Study: Pregnancy has no impact on breast cancer survival
Posted February 13, 2009
Updated March 9, 2009
Pregnancy may be the worst time for a woman to discover she has breast cancer because the pregnancy complicates treatment.
However, previous studies suggesting that breast cancer during pregnancy makes the disease more aggressive and more likely to return are being contradicted by new research from the University of Texas M. D. Anderson Cancer Center.
"There was always the concern that patients with breast cancer would have a more aggressive form of breast cancer, or have a worse prognosis, because of their pregnancy,” said Dr. Laurie Kirstein, a breast surgeon at the Texas center.
Researchers at M. D. Anderson found that pregnant women who develop breast cancer have the same survival rate and the same risk of the cancer's returning as other women.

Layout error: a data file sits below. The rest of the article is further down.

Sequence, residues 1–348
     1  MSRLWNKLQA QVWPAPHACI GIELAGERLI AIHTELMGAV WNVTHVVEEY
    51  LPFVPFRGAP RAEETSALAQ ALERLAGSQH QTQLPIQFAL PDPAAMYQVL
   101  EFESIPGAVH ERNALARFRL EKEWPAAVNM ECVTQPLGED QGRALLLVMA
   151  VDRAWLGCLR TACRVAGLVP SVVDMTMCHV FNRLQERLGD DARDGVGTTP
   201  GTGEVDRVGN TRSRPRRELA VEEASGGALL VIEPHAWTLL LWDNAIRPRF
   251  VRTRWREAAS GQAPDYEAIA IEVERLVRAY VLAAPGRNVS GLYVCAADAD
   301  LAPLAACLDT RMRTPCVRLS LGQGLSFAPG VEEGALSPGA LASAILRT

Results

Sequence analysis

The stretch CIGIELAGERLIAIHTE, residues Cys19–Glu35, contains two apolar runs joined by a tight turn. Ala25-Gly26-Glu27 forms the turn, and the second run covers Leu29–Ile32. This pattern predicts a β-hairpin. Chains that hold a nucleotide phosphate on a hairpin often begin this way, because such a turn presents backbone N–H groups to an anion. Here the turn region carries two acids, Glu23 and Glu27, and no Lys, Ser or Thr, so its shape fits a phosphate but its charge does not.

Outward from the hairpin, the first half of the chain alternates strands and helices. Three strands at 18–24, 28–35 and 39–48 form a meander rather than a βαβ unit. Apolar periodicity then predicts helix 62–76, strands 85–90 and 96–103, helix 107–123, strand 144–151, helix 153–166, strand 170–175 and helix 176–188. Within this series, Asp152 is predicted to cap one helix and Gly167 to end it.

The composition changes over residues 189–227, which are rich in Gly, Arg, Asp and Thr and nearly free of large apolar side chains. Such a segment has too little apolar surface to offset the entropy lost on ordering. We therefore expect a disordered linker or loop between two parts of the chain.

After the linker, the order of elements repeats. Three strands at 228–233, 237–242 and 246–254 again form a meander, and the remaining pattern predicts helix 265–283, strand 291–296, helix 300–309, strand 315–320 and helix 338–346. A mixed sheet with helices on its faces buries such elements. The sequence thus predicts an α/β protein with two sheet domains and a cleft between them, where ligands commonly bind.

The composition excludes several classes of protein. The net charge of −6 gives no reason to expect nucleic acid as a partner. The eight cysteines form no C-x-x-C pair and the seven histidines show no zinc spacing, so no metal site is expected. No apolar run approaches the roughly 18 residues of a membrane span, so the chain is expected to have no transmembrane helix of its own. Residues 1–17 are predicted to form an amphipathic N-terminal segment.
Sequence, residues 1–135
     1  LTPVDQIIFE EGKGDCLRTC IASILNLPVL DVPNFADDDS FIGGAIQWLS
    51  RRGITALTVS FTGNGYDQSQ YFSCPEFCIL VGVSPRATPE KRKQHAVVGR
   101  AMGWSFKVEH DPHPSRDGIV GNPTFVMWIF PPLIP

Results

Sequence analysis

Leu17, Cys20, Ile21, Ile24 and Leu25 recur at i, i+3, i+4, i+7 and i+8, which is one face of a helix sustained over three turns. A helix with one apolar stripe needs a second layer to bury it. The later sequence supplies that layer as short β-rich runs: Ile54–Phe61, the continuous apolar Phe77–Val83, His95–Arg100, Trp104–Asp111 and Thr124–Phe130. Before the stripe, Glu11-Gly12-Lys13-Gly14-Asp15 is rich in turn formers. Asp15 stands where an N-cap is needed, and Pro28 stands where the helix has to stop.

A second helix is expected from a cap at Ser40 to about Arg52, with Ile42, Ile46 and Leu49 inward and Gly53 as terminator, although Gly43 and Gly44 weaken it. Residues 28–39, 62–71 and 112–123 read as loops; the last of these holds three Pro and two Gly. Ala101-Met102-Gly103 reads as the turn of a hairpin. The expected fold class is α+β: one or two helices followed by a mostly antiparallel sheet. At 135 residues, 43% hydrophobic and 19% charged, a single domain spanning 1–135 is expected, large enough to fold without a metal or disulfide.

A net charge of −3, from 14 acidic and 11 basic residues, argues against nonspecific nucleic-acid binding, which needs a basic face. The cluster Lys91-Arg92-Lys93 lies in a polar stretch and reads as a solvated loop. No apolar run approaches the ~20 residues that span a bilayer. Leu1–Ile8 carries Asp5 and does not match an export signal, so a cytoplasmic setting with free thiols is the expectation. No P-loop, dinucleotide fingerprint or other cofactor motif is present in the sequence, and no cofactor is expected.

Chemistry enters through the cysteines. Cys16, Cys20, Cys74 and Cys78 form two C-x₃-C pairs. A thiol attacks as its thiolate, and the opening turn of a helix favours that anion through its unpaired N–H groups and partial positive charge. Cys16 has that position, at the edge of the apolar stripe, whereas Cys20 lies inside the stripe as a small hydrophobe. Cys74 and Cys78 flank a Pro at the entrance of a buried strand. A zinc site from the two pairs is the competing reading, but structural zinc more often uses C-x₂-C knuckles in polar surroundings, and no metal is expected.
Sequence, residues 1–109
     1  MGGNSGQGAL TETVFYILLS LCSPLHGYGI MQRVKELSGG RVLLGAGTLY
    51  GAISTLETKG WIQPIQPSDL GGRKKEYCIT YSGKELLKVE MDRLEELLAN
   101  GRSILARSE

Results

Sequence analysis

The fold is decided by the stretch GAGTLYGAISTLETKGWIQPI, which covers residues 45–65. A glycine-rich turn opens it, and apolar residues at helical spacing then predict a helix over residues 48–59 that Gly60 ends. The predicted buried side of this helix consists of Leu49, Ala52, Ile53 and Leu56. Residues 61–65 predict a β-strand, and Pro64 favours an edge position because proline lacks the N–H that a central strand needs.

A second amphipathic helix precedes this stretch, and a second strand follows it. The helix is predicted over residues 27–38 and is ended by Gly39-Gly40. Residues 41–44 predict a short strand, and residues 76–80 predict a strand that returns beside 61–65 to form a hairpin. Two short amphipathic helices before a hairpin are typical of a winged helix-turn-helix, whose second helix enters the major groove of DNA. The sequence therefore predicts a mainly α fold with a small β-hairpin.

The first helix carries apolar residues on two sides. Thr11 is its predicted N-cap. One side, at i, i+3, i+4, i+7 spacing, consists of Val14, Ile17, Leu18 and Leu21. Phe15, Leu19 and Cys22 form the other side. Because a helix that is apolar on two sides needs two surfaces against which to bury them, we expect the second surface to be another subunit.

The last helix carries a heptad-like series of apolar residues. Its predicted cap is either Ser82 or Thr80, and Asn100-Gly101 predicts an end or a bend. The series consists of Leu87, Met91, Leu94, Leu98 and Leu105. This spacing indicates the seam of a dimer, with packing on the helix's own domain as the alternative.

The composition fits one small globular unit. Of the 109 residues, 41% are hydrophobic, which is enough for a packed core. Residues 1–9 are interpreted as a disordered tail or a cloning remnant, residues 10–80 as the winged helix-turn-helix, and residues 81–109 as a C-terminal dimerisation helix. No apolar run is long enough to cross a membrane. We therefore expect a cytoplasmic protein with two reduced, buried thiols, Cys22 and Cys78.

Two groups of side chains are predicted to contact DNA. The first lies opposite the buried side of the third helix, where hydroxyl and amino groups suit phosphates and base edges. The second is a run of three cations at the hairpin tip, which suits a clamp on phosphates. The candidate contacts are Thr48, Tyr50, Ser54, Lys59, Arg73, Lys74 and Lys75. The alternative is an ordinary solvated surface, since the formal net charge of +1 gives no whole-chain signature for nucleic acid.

The earlier studies had linked the gloomier prognoses to hormone levels during pregnancy.
What remains the same is that pregnancy makes finding and treating breast cancer more complicated because radiation and most chemotherapies are dangerous to the fetus.
"You can do surgery, and there are certain chemotherapies that we have found to be safe, at least during the second and third trimesters of pregnancy,” Kirstein said.
While mammograms can't be used, ultrasounds are an effective tool to spot breast cancer tumors. But the study found that tumors discovered in pregnant patients were often more advanced.
"Sometimes people, patients or doctors, may think that a lump in the breast is due to the pregnancy itself and they don't get a workup of the lump that they find,” Kirstein said.
Kirstein stressed that pregnant women should continue self-breast exams and be aware of any changes in their breasts.